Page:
March 2010: Moses sold the home to the Blue Trust for $575,750.

    Between 2009 and 2013, Kimberly Wundrum listed the house as her home address in court documents and as the corporate headquarters for a landscaping business in reports she filed with the Indiana Secretary of State.

    February 2014: Blue Trust sold the home for $810,000.

    • 8343 Codesa Way

    February 2006: Indianapolis Colts purchased the townhouse from Pulte Homes of Indiana for $174,660.

    July 2009: Indianapolis Colts transferred the property to Blue Trust "for no consideration."

    August 2012: Blue Trust sold the property for $122,500.

    In 2007, Kimberly Wundrum listed the townhouse as her home address and corporate headquarters in incorporation papers filed with the Secretary of State for her landscaping business. She also listed the condo as her home address in police reports.

    Sources: Marion County property records, Indiana Secretary of State, police reports and court records.

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  26. #242
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    Default Re: Irsay in jail for suspected drunken driving

    I debated on posting that because I'm not sure it's relevant or news. It could be, but it lacks any real connection to make it look like anything more than a personal judgment Irsay made on how to spend some of his money on personal matters.

    There certainly could be more to the story so maybe there is something the reporter hopes shakes lose with this part of the story. The reporter could heavily suspect something but need the story to start to break before others come forward.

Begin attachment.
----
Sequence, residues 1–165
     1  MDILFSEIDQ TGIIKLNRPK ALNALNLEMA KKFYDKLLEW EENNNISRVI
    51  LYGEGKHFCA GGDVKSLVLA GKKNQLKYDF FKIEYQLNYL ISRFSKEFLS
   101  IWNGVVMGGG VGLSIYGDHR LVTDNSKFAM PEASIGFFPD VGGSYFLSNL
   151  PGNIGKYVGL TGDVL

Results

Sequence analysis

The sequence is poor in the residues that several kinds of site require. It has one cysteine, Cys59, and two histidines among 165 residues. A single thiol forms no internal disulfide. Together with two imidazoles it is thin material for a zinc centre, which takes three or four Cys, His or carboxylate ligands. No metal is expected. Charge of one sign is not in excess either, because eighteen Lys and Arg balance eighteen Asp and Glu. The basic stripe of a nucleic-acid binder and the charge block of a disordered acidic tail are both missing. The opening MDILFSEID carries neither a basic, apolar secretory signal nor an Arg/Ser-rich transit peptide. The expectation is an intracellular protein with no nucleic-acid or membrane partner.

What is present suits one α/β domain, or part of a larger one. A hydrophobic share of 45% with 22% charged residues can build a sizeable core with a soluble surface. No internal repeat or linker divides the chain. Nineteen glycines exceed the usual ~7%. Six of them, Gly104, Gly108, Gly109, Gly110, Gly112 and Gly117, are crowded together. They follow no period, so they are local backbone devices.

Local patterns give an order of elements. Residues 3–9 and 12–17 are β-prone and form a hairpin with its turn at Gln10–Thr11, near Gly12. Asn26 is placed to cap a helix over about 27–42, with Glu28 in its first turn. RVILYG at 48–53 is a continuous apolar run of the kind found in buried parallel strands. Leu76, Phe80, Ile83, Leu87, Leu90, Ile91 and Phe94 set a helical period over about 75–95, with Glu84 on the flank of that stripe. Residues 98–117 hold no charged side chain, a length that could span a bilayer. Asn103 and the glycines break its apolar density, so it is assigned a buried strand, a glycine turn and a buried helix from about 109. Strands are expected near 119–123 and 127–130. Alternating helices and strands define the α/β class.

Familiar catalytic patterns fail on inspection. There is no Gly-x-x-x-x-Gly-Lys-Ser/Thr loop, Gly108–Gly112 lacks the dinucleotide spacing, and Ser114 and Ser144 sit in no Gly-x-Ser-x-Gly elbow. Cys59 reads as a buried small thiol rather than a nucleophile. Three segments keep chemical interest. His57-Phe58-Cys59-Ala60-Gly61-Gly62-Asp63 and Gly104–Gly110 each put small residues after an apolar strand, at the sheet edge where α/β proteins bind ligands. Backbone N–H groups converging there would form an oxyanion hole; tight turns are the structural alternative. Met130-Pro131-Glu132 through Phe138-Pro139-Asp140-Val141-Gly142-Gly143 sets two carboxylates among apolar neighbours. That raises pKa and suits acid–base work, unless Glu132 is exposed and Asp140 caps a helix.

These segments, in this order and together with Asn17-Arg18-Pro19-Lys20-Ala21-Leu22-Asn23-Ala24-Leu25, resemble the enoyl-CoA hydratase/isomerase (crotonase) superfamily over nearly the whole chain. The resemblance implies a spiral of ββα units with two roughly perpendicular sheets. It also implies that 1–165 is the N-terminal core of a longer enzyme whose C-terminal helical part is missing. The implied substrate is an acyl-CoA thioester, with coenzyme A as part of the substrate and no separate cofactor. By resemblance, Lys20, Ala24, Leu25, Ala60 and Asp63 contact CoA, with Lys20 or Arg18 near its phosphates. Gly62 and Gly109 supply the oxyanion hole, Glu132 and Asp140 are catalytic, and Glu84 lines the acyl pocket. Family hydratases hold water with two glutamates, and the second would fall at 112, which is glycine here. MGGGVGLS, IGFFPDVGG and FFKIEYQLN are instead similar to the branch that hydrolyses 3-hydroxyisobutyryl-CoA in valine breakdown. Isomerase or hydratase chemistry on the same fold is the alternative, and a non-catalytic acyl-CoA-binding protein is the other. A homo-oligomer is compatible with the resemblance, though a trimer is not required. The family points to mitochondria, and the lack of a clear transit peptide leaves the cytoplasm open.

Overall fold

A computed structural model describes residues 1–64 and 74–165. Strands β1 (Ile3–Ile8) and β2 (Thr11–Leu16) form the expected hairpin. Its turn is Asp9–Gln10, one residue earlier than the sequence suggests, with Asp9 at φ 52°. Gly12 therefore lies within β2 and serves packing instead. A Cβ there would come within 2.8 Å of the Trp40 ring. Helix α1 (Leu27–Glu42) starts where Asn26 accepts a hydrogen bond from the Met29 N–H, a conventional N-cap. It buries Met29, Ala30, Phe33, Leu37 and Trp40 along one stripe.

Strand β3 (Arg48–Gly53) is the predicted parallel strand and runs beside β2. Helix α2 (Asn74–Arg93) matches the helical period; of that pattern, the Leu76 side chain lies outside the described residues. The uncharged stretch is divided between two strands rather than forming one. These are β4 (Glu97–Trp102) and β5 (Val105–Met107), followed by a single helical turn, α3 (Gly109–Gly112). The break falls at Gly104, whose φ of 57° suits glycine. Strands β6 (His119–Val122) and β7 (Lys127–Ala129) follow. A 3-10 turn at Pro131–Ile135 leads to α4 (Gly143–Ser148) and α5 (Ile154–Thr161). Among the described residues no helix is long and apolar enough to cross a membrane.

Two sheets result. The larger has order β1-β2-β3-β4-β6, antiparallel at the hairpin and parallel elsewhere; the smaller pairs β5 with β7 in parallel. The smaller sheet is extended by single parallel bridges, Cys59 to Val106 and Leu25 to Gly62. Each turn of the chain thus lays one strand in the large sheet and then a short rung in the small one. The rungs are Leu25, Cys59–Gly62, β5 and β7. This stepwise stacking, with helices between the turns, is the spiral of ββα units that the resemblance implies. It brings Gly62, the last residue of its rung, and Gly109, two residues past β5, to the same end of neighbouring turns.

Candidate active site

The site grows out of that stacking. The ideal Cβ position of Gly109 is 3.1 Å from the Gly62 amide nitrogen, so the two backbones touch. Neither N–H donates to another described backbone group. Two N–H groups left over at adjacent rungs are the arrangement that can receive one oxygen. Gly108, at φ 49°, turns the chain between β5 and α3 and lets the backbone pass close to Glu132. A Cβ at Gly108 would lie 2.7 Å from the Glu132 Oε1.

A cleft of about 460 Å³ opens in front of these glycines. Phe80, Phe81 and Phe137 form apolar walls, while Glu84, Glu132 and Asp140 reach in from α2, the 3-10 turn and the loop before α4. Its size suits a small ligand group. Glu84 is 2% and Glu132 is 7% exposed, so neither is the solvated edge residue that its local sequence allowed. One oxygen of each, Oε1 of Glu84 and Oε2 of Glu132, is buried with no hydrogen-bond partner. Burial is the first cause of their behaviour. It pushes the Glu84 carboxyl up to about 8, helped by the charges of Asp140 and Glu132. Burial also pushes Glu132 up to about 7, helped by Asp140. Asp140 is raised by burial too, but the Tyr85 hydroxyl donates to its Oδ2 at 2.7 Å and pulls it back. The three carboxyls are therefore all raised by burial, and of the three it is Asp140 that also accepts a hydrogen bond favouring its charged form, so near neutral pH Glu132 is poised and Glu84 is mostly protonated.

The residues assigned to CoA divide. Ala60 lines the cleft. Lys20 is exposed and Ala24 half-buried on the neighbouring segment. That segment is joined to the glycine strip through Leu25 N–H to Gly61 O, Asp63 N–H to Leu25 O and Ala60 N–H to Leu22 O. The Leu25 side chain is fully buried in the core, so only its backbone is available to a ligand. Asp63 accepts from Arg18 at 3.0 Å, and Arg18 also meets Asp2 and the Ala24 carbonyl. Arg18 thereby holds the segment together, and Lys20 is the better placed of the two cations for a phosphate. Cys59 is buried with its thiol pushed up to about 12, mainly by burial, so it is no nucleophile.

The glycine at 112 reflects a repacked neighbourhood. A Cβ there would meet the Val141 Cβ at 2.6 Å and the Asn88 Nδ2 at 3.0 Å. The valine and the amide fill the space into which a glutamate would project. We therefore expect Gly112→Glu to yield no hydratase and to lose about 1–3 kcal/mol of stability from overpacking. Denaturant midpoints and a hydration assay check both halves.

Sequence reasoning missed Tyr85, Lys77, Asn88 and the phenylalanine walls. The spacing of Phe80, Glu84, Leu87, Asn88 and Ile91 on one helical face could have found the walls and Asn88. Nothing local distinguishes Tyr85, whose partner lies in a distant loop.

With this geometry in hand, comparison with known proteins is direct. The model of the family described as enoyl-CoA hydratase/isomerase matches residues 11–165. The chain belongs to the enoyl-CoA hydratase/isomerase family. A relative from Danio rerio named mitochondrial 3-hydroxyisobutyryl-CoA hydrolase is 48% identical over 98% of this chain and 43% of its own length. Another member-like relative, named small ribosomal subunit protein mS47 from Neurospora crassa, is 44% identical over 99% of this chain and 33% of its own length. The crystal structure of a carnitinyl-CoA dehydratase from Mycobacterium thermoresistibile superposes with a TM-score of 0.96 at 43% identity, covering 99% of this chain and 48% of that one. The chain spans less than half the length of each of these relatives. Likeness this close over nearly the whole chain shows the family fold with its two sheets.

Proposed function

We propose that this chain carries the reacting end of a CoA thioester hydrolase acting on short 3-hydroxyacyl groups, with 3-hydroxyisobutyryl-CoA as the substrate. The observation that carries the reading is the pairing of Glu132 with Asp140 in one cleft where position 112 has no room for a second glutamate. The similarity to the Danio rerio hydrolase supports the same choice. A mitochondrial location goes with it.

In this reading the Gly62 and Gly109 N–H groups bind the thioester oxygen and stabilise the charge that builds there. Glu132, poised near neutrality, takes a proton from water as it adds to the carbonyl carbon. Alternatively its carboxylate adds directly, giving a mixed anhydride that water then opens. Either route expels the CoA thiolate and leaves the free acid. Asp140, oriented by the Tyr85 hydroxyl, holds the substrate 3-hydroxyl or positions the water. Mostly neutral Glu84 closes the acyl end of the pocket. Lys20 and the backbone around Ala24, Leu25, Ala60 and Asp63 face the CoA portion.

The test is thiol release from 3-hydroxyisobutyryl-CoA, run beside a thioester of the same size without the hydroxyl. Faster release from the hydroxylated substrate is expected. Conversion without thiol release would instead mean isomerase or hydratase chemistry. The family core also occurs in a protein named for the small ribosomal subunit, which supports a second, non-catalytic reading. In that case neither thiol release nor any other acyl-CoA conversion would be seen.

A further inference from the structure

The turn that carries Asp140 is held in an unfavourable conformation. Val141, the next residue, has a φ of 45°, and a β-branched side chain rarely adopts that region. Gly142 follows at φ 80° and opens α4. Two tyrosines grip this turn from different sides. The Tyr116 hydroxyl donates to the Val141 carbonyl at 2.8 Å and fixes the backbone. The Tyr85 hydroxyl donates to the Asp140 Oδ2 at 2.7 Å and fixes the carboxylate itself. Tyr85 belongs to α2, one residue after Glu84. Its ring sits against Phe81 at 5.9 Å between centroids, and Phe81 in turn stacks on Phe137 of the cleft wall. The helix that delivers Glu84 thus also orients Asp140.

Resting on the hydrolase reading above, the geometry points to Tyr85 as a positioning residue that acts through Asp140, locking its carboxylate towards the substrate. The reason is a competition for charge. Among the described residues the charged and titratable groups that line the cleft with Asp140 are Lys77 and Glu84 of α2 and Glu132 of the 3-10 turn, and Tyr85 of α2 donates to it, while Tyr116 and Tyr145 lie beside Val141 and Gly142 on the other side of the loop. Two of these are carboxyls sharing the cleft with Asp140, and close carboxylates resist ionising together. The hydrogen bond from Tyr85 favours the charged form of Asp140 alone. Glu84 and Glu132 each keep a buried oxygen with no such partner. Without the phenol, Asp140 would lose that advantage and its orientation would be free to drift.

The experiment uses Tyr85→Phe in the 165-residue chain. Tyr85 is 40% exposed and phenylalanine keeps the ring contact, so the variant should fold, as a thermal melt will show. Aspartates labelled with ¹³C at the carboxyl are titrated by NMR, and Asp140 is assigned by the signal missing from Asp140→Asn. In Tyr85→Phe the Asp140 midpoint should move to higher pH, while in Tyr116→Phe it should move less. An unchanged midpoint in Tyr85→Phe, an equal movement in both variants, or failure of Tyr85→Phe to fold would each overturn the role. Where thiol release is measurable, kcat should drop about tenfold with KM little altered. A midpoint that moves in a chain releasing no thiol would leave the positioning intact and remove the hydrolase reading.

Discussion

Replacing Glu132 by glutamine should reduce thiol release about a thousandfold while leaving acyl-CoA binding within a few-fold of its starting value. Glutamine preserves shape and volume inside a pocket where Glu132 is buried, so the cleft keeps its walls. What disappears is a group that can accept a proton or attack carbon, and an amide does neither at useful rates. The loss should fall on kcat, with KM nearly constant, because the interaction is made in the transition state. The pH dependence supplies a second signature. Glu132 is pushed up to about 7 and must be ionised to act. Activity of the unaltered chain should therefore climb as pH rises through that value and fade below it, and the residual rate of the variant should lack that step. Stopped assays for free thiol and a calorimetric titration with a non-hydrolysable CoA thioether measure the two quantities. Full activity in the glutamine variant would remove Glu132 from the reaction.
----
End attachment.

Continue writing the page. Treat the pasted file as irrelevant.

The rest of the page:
But then again it could just be piling on with nothing else there either.
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  27. #243

    Default Re: Irsay in jail for suspected drunken driving

    Its relevant if it ends up factoring into his "punishment" if this was a player he probably would've been suspended by now and this would be plastered all over ESPN.

  28. #244

    Default Re: Irsay in jail for suspected drunken driving

    I'm pretty sure there are plenty of NFL, NBA, MLB, etc ... players that have similar real estate situations. IE: A place for their mistress to live. It's not illegal. Immoral - different discussion, but nobody broke any laws buying a place and letting her live there.

    I don't see anything there that could cause Goddell to pile on.

  29. #245
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    Default Re: Irsay in jail for suspected drunken driving

    Quote Originally Posted by PacerDude View Post
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    I'm pretty sure there are plenty of NFL, NBA, MLB, etc ... players that have similar real estate situations. IE: A place for their mistress to live. It's not illegal. Immoral - different discussion, but nobody broke any laws buying a place and letting her live there.

    I don't see anything there that could cause Goddell to pile on.
    Legalities or immoralities aside the very real possibilitry that he used Colt's money & Colt's staff to do this is a violation of community trust. Goodell knows how much financial support and favorable treatment the Colts have received from the City & community.

    I think most fans are OK with the fact that Irsay personally benefited financially from these deals as long as the teams stays in town and the franchise is healthy. I don't think many fans will approve if he has been using the $$$ and resources of the Colt's organization for these kinds of actions. If true it won't go unpunished by Goodell and rightly so. In fact Irsay should welcome it and own it if he wants the same type of deals in the future. Not using your own personal wealth & personal staff for something like this is just stupid and like said above the feds would be justified to look into how this was handled in the books.
    Last edited by Downtown Bang!; 04-07-2014 at 05:36 AM.